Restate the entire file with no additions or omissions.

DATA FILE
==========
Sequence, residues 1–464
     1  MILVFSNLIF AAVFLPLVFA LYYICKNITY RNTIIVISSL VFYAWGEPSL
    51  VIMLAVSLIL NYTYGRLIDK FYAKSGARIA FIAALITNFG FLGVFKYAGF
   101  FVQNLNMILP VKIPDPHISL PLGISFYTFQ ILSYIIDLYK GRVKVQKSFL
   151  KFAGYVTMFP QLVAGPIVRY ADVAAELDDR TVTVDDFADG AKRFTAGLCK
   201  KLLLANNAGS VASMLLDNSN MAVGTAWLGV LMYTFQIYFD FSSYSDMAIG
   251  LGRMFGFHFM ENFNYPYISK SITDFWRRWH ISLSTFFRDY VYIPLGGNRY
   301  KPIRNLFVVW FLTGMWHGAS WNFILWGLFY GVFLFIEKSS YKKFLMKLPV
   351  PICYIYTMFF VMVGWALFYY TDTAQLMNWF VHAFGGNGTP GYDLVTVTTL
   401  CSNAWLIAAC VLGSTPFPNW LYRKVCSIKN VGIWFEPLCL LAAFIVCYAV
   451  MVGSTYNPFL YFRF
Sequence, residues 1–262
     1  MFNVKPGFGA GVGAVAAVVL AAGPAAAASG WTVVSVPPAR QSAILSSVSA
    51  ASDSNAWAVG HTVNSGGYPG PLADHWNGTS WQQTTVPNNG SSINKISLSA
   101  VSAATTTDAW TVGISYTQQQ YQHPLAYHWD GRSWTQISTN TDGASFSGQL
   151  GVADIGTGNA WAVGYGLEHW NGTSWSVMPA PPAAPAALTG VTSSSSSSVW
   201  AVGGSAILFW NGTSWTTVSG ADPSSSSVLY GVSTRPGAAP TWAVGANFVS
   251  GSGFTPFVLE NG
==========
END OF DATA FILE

Sequence, residues 1–464
     1  MILVFSNLIF AAVFLPLVFA LYYICKNITY RNTIIVISSL VFYAWGEPSL
    51  VIMLAVSLIL NYTYGRLIDK FYAKSGARIA FIAALITNFG FLGVFKYAGF
   101  FVQNLNMILP VKIPDPHISL PLGISFYTFQ ILSYIIDLYK GRVKVQKSFL
   151  KFAGYVTMFP QLVAGPIVRY ADVAAELDDR TVTVDDFADG AKRFTAGLCK
   201  KLLLANNAGS VASMLLDNSN MAVGTAWLGV LMYTFQIYFD FSSYSDMAIG
   251  LGRMFGFHFM ENFNYPYISK SITDFWRRWH ISLSTFFRDY VYIPLGGNRY
   301  KPIRNLFVVW FLTGMWHGAS WNFILWGLFY GVFLFIEKSS YKKFLMKLPV
   351  PICYIYTMFF VMVGWALFYY TDTAQLMNWF VHAFGGNGTP GYDLVTVTTL
   401  CSNAWLIAAC VLGSTPFPNW LYRKVCSIKN VGIWFEPLCL LAAFIVCYAV
   451  MVGSTYNPFL YFRF
Sequence, residues 1–262
     1  MFNVKPGFGA GVGAVAAVVL AAGPAAAASG WTVVSVPPAR QSAILSSVSA
    51  ASDSNAWAVG HTVNSGGYPG PLADHWNGTS WQQTTVPNNG SSINKISLSA
   101  VSAATTTDAW TVGISYTQQQ YQHPLAYHWD GRSWTQISTN TDGASFSGQL
   151  GVADIGTGNA WAVGYGLEHW NGTSWSVMPA PPAAPAALTG VTSSSSSSVW
   201  AVGGSAILFW NGTSWTTVSG ADPSSSSVLY GVSTRPGAAP TWAVGANFVS
   251  GSGFTPFVLE NG